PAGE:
Sorry about the late notice, but apparently there’s a blogger party tomorrow (i.e. Friday) at K Lounge, 30 W. 52nd St, starting from 8 p.m. onwards. I’ll probably be making an appearance, though given that I’m somehow triplebooked, it’ll be towards the later end of the evening…
September 2005 Archives
Hey, it looks like we’ll be getting a new $10 bill in 2006. I like the front, I gotta admit—it harkens back to currency of the 19th century, I think. The back, on the other hand, is a total disaster. Well, can’t win them all…
I’m gonna steal from myself a bit in introducing this next clip: it’s the first movement of Brahms’ Symphony No. 1 in c minor in a stunningly remastered performance by von Karajan and the Berliner Philharmonic:
This 1963 recording of this monumental work has recently been remastered by DG and is now available as part of the DG Originals series. I have to say that they did it right; quite frankly, the sonic quality of this recording is spectacular. I have also heard (and will later review in this space) an other DG Original CD (Gundula Janowitz singing Mozart) and the quality of that disc is also fabulous. If these two CDs are indicative of the sonic quality of the rest of the series, I cannot and will not hesitate to recommend them. The best part is that they’re all mid-price.
It would be a shame if the performances weren’t worth the effort that DG has put into the remastering process; fortunately for us, we have Karajan leading the Berliner Philarmoniker through an astounding performance. From the powerfully ominous opening, with its pounding timpani and sheets of strings, through the sublime allegretto and through to the famous Beethoven-inspired theme of the finale, the orchestra plays as one instrument. In other words: buy this.
I suspect that Phil Spector got his ideas about a ‘wall of sound’ from listening to this symphony.
Brahms was Beethoven’s self-appointed musical heir; he fought against what he viewed as the romantic excesses of Wagner and Liszt. Certainly, in form, this symphony is very traditional, with four movements, all in the right places; from the point of structure, the only thing a traditionalist might find fault with are the violin solo in the Andante and the sheer length of the piece (this performance, which cuts the da capo exposition in the first movement, runs a solid 46 minutes). Brahms even tips his hat to the old masters by using a theme that is directly descended from the finale of Beethoven’s 9th.
However, in terms of tonality and harmonic structure, Brahms sounds more like Wagner, Liszt and Mahler than he does Beethoven. His sonic palette is clearly and unambiguously mid- to late-nineteenth century romantic; in fact, Strauss would later use some of the same aural vocabulary in tone poems such as Don Quixote.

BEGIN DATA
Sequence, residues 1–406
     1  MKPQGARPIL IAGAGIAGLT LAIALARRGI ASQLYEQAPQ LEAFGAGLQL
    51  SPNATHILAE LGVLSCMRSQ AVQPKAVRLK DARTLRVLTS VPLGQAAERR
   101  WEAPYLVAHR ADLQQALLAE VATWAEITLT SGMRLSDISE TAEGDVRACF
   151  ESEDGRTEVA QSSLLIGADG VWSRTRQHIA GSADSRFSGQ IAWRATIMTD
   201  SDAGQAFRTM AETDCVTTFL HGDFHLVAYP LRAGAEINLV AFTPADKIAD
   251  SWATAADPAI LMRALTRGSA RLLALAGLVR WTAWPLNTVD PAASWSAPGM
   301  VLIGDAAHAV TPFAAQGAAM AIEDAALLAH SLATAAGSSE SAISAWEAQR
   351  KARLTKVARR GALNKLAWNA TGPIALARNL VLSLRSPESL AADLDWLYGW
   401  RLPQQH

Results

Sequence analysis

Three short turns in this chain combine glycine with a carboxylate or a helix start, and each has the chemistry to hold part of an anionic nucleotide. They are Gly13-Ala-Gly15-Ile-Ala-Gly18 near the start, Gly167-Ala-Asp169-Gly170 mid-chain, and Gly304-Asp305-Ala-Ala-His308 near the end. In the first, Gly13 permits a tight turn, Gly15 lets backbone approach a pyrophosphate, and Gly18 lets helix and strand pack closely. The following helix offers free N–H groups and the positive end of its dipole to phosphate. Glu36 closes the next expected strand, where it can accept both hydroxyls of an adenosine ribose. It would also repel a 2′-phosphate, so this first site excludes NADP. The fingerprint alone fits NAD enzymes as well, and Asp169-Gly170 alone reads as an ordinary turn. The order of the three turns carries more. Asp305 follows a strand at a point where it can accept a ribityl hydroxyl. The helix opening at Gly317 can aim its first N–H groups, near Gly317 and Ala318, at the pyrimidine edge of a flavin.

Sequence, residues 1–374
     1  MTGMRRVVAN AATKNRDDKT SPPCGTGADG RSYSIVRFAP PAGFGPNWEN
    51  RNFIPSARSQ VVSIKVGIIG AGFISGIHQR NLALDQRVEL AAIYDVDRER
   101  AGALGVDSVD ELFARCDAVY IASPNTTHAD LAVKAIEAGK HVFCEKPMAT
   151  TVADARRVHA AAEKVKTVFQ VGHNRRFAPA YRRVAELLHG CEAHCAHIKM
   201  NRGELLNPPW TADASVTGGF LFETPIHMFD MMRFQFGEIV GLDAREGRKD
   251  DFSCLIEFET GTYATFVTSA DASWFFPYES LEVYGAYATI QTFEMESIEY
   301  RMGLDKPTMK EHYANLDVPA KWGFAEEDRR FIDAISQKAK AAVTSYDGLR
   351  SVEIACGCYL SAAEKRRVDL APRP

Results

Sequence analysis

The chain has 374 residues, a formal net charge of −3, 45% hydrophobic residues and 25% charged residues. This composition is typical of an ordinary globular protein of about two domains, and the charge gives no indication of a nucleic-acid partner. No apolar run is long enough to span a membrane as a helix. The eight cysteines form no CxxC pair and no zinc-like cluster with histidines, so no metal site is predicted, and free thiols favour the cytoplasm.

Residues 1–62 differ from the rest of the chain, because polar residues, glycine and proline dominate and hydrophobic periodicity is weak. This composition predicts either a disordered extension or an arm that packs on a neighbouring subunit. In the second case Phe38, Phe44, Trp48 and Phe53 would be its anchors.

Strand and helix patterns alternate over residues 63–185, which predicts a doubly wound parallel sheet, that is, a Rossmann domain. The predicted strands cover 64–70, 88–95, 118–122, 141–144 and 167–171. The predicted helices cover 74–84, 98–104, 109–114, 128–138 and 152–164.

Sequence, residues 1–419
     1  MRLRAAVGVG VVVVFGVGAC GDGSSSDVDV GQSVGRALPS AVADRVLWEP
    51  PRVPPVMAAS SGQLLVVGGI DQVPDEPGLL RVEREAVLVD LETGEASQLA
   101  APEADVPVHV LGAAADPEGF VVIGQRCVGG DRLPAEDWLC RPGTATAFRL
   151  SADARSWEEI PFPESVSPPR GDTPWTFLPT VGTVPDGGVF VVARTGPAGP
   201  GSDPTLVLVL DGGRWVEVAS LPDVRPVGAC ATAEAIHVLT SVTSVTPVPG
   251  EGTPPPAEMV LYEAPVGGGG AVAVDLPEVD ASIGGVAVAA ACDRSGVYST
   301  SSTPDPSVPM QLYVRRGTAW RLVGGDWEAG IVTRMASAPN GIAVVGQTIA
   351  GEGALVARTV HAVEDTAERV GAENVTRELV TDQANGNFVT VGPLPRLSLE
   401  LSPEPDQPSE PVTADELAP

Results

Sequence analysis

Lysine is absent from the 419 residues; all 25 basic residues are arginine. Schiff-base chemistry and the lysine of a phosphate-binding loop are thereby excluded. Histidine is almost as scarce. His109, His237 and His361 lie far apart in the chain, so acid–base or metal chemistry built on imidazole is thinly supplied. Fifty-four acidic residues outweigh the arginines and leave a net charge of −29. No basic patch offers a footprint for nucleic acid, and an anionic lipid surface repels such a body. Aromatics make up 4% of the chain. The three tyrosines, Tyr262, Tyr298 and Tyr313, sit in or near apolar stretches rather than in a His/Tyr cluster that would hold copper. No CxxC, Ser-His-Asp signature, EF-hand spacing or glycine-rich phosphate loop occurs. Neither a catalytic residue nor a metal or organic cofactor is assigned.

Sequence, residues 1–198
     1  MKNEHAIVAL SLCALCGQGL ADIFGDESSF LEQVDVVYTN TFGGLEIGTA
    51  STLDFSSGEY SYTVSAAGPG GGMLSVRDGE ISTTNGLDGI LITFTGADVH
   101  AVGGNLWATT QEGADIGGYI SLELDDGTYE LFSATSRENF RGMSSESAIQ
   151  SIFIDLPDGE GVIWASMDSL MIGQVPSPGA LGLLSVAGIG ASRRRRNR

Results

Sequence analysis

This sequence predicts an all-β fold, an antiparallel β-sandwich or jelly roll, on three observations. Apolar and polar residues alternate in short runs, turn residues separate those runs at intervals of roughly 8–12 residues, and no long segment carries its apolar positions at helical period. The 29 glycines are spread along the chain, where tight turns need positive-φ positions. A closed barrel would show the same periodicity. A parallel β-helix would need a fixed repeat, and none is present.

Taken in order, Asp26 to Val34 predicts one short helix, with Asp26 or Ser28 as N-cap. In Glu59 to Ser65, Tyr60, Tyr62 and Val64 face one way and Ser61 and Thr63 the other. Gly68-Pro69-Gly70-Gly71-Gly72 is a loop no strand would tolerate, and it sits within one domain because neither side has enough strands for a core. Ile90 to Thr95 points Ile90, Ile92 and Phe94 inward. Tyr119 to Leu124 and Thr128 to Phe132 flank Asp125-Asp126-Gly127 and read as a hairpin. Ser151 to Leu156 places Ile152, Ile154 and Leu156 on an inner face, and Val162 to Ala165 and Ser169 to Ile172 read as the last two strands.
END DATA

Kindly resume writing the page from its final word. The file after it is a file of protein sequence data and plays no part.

Well, if you remember the comments contest, it’s still going, more than a month later, simply because I never figured that it’d take this freakin’ long (I’m sure that someone was just about to make a comment about a lack of posts that are worth commenting on, so I’m saving you the trouble).
Anyway, as you can now see, we’re now 42 comments away from the magic number. The general rules are no ballot-box stuffing (i.e. no more than three comments in a row) and no spam; other than that, it’s pretty much a free-for-all…
My cell phone is dying. The circuit that controls the vibration motor has permanently closed; this effectively means that whenever the battery is attached—whether or not the phone is actually on—it buzzes and vibrates like… well, like a cell phone on perma-vibrate.
It was pointed out at a party last Saturday night that this effectively coverts my phone into a dual-use device; unfortunately, I’m not really equipped to take advantage of it…
So I’m somehow on the list to go see a press screening of Serenity tomorrow night (I was probably going to go see the movie anyway, based on buzz I’ve heard, so why not save $10.50?). And I’m telling people that I’m on the list, and they’re like, “well, what’s the movie about?” And I’m like, “well, as far as I can tell, it’s a space opera about a renegade space ship captain who’s smuggling a wanted passenger through space while on the run from the galactic empire.”